explores  it,  explores,  not  least,  the  possible  collusion  of  women  in  the  binary  structure  of  the  
scopic  regime:  in  John  Berger’s  famous  equation,  men  act  and  women  appear.2  What  Maia’s  
works  bring  into  the  equation  is  a  curiosity  about  Berger’s  formulation;  a  curiosity,  in  short,  
about  the  relationship  between  such  historically  and  ideologically  freighted  occlusions  and  
displays,  and  that  other  form  of  viewing,  generally  considered  more  benign:  the  gaze  that  is  
enlisted  in  the  production  of  art.  An  art  that  addresses  itself  to  the  eyes,  and  that,  in  some  
ways  like  pornography,  produces  pleasure.    Maia  explores  the  ways  in  which  curiosity  and  
pleasure  are  intrinsically  entailed  in  a  scopic  regime  that  underlies  not  only  the  production  
of  art,  but  also  its  circuits,  the  passage  from  studio  to  the  marketplace,  from  marketplace  to  
museum,  where  nicely  dressed  women  and  men  peer  earnestly  at  the  strip-­‐tease  of  
women’s  bodies.    
It  is  perhaps  no  coincidence  that  two  of  her  exhibitions  have  taken  place  within  the  small,  
exposed  stage  of  a  shop  window,  that  traditional  site  of  display  and  temptation,  where  

                                                                                                               
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 John  Berger,  Ways  of  Seeing,  London:  BBC  and  Penguin  Books,  1972,  p.  47.    

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desire  and  consumption  are  played  off  against  each  other  within  the  embracing  parameters  
of  a  capitalist  economy.    The  artist  described  Art  Lovers,  shown  at  the  Soapbox  Gallery  in  
Brooklyn,  New  York  (2012),  as  a  ‘voyeuristic  experience  of  sorts.’  It  consisted  of  a  series  of  
small  oil  paintings  hung  in  random  grid  formation  within  the  shallow  area  of  the  gallery  
window.  Interspersed  with  portraits  of  female  icons  such  as  Virginia  Woolf  and  Sylvia  Plath,  
were  images  in  which  the  act  of  looking  (at  art)  is  the  pictorial  event  that  we  (spectators)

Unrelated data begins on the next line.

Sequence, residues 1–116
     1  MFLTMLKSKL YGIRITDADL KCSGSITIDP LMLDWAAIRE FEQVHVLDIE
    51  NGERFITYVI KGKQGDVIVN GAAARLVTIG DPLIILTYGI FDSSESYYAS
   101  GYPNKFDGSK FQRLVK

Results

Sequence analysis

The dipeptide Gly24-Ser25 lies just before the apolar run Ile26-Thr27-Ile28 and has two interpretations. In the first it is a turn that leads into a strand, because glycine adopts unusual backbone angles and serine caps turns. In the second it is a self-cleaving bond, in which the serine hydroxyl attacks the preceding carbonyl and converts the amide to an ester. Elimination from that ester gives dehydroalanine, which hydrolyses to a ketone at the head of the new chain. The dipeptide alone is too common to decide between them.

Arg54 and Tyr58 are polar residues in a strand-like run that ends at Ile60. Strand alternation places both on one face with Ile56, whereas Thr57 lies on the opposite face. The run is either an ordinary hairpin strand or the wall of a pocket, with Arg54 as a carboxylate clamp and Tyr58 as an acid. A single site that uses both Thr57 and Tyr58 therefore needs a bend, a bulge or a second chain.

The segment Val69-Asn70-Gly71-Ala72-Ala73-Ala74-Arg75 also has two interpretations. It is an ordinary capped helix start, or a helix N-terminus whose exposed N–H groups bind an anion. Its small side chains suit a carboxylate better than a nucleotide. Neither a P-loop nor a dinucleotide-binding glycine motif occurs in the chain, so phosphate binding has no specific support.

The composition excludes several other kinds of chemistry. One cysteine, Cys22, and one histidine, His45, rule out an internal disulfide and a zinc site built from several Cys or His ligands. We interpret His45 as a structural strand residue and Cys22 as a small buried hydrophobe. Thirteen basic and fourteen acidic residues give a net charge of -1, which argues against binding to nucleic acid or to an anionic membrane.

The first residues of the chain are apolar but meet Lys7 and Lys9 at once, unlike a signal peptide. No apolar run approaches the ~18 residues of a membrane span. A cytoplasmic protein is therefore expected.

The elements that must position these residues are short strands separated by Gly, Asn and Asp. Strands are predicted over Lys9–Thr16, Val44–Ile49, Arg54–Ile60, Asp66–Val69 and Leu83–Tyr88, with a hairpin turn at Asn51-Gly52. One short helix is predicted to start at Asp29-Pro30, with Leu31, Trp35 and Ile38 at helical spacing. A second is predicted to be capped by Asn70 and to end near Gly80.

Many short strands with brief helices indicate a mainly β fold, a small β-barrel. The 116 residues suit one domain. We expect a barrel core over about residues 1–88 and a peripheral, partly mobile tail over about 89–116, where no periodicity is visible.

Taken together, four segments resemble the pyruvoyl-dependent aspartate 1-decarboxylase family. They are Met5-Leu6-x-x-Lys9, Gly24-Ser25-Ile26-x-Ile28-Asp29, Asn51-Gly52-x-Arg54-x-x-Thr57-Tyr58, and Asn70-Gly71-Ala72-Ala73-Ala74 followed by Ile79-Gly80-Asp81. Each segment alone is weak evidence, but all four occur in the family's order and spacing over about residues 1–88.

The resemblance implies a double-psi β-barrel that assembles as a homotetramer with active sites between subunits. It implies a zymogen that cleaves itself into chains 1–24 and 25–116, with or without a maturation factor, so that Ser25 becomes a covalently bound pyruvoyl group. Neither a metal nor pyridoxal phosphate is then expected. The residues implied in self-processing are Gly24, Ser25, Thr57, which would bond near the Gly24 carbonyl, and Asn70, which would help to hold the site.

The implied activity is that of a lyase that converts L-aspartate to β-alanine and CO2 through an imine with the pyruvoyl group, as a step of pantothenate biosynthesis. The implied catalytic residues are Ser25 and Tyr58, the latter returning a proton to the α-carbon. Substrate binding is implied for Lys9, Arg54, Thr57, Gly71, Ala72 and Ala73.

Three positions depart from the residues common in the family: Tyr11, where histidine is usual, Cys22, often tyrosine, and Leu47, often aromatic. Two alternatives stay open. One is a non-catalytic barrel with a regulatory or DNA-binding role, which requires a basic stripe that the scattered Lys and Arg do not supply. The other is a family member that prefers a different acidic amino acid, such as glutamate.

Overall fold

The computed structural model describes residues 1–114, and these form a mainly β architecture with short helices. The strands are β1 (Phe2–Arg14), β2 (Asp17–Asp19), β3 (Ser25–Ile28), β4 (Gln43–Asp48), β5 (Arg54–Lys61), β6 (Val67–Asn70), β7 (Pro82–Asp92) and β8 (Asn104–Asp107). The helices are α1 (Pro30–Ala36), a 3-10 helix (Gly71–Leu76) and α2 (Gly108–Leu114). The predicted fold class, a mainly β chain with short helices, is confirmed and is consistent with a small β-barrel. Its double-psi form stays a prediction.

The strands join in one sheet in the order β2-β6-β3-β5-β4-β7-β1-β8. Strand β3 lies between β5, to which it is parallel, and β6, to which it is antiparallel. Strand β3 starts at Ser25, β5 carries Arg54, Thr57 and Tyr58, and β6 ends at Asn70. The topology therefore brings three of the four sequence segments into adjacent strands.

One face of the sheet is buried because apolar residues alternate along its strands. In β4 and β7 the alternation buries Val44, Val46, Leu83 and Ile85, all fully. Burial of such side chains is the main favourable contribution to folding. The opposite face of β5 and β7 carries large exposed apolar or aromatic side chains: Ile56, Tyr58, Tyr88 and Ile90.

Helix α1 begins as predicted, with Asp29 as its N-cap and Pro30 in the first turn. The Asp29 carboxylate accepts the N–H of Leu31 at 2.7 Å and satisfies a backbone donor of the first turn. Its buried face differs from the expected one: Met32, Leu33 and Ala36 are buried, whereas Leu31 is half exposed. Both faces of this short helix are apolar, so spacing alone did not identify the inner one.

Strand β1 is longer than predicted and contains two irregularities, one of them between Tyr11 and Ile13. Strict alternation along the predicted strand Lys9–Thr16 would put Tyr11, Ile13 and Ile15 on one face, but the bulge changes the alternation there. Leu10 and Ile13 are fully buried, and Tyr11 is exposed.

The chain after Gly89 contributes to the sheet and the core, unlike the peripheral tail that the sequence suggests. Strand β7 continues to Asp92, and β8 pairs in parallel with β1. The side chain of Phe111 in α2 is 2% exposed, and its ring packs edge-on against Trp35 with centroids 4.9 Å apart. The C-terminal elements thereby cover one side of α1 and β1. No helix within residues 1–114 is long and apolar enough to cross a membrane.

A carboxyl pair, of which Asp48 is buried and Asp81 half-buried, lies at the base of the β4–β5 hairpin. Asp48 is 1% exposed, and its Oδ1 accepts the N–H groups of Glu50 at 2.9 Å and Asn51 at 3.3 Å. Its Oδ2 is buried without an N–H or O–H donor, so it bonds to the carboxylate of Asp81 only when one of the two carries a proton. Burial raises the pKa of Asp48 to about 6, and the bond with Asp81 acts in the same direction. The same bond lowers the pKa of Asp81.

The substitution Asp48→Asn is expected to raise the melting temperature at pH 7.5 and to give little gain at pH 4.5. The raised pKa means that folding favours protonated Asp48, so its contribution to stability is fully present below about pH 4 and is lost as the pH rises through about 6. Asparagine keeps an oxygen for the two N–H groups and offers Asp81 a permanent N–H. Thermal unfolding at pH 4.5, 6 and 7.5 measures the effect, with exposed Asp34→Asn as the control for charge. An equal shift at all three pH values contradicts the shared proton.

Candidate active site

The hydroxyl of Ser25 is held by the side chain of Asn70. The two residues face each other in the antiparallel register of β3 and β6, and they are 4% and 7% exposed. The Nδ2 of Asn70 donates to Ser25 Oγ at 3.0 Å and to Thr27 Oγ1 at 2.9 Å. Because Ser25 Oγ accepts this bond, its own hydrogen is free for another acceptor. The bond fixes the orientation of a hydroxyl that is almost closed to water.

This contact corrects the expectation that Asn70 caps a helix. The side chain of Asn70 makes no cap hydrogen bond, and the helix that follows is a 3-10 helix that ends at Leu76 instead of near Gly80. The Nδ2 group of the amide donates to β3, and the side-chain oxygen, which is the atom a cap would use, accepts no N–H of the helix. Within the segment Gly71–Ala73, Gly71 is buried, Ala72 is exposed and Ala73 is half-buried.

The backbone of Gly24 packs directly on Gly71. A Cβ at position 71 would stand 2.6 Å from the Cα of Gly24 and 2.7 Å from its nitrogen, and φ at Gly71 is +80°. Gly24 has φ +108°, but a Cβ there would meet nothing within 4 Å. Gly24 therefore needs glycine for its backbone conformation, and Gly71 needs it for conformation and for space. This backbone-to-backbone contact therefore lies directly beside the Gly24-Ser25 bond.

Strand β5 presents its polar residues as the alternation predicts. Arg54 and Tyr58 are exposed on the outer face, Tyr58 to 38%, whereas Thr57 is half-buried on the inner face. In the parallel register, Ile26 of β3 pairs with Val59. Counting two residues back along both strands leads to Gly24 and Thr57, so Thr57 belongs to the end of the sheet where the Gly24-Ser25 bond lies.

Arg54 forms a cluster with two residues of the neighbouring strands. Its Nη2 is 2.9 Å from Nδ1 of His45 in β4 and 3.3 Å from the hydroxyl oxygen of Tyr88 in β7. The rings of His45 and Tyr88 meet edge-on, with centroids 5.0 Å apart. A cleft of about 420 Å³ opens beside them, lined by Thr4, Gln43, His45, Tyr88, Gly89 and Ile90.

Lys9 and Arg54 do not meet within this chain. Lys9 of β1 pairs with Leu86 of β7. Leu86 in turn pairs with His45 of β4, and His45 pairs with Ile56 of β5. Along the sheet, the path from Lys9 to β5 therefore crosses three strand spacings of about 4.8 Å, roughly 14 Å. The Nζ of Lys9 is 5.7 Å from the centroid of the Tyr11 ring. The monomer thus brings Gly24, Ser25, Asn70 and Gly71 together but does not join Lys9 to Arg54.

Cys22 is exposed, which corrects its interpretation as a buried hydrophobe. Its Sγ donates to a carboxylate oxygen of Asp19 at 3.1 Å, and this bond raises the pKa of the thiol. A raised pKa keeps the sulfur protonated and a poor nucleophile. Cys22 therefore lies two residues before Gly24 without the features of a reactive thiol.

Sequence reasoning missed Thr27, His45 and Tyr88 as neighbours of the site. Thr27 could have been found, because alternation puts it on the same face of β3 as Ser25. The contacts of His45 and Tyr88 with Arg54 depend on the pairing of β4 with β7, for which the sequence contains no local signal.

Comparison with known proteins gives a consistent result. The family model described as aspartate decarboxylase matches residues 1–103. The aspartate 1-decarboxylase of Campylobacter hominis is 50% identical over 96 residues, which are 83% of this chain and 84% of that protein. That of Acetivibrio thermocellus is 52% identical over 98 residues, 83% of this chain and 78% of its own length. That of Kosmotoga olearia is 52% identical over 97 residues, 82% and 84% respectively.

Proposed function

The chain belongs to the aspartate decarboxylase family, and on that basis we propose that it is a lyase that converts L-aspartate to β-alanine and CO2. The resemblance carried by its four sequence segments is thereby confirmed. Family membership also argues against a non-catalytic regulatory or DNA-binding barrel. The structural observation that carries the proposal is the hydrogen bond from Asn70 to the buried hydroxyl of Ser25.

watch.  In  each  painting,  a  viewer  seen  from  the  back  is  portrayed  regarding  a  well-­‐known  
work  of  art  in  which  a  female  nude  explicitly  displays  herself  to  the  spectator’s  gaze.  As  
secondary  viewers,  we  are  enlisted  to  witness  these  acts  of  witnessing  in  a  motion  of  
identification  with  the  viewing  figures  in  the  pictures.  That  these  viewers  are  both  male  and  
female  highlights  the  extent  to  which  women  spectators  are  recruited  to  occupy  and  collude  
with  the  position  of  desire  traditionally  associated  with  the  (heterosexual)  male  spectator.    
The  small  scale  of  the  works,  while  presenting  practical  advantages  to  the  artist  (she  
transported  them  to  New  York  in  a  suitcase),  also  served  to  invite  viewers  of  the  exhibition  
to  closer  examination.  This  invitation  was,  however,  frustrated  by  the  transparent  pane  of  
the  shop  window  through  which  the  works  were  seen,  teasing  the  viewer  into  a  proximity  
that  is  visual,  but  not  tactile.  In  this  way,  the  theme  of  the  exhibition  was  replicated  and  
refracted  by  its  form:  titillation,  invitation,  frustration.    
In  these  paintings  of  ‘art  lovers’  peering  directly  into  the  offering  revealed  by  women’s  
parted  thighs,  the  allusions  to  existing  works  of  art  multiply:  so  we  have  Gerhard  Richter’s  
‘Betty’  looking  at  a  menstruating  girl  from  a  Pipilotti  Rist  photographic  print;  a  male  figure  
lifted  from  a  painting  by  Belgian  artist  Michäel  Borremans  gazing  at  Duchamp’s  Étant  
Donnés,  or  another  figure  from  Borremans,  this  time  a  woman,  peeping  into  the  cunt  
displayed  in  a  painting  by  Lisa  Yuscavage.  In  Happy  Wife,  Happy  Life  (2012),  a  drawing  by  
Swedish  artist  Jockum  Nordstrom  is  being  looked  at  by  a  figure  from  a  painting  by  his  wife,  
Mamma  Andersson.  And  in  Origin  of  the  World,  a  female  spectator  resembling  Maia  herself  
watches  a  video  by  Pipilotti  Rist,  which  in  turn  references  Courbet’s  provocative  Origin  of  the  
World.  Photographers  at  the  Museum  (2011)  and  Babes  at  the  Museum  (2011)  both  gently  
satirise  the  appropriative  and  mimetic  behaviour  of  museum  visitors  performing  the  act  of  
looking.  All  these  small  paintings  are  rendered  in  a  consciously  awkward,  deadpan  style  that  
references  the  art-­‐historical  painting  academy  more  than  it  does  the  trendy  idioms  of  
electronic  media.  Maia’s  paintings  enter  into  a  stylistic  conversation  with  a  loose  group  of  
painters  that  includes  John  Currin,  Mamma  Andersson,  Marlene  Dumas,  Lisa  Yuscavage,  

 

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Michael  Borremans,  artists  who  more  or  less  explicitly  probe  the  boundaries  between  high  
art  and  more  vernacular  (or  even  kitsch)  styles  and  sentiments.